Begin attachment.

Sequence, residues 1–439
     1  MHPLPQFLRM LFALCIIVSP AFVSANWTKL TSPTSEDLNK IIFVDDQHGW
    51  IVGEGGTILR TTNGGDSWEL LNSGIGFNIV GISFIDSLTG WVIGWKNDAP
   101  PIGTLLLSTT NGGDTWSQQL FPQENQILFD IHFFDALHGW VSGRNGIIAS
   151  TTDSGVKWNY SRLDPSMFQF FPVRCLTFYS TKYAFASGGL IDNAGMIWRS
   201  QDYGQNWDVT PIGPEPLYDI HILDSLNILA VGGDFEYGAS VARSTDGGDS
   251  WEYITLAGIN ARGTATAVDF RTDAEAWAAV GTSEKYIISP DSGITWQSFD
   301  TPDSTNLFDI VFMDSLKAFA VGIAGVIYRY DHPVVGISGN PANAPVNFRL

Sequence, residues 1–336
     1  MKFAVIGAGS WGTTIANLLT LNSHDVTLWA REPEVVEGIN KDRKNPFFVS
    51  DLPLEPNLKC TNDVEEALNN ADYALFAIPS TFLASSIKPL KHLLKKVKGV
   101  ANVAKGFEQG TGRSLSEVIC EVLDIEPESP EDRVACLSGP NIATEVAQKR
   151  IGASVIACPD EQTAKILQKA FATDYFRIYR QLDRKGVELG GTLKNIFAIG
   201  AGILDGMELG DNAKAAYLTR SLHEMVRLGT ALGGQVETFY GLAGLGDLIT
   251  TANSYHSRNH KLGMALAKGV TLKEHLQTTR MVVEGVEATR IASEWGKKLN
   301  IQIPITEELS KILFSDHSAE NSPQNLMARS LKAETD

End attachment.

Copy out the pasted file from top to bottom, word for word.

Sequence, residues 1–439
     1  MHPLPQFLRM LFALCIIVSP AFVSANWTKL TSPTSEDLNK IIFVDDQHGW
    51  IVGEGGTILR TTNGGDSWEL LNSGIGFNIV GISFIDSLTG WVIGWKNDAP
   101  PIGTLLLSTT NGGDTWSQQL FPQENQILFD IHFFDALHGW VSGRNGIIAS
   151  TTDSGVKWNY SRLDPSMFQF FPVRCLTFYS TKYAFASGGL IDNAGMIWRS
   201  QDYGQNWDVT PIGPEPLYDI HILDSLNILA VGGDFEYGAS VARSTDGGDS
   251  WEYITLAGIN ARGTATAVDF RTDAEAWAAV GTSEKYIISP DSGITWQSFD
   301  TPDSTNLFDI VFMDSLKAFA VGIAGVIYRY DHPVVGISGN PANAPVNFRL

Sequence, residues 1–336
     1  MKFAVIGAGS WGTTIANLLT LNSHDVTLWA REPEVVEGIN KDRKNPFFVS
    51  DLPLEPNLKC TNDVEEALNN ADYALFAIPS TFLASSIKPL KHLLKKVKGV
   101  ANVAKGFEQG TGRSLSEVIC EVLDIEPESP EDRVACLSGP NIATEVAQKR
   151  IGASVIACPD EQTAKILQKA FATDYFRIYR QLDRKGVELG GTLKNIFAIG
   201  AGILDGMELG DNAKAAYLTR SLHEMVRLGT ALGGQVETFY GLAGLGDLIT
   251  TANSYHSRNH KLGMALAKGV TLKEHLQTTR MVVEGVEATR IASEWGKKLN
   301  IQIPITEELS KILFSDHSAE NSPQNLMARS LKAETD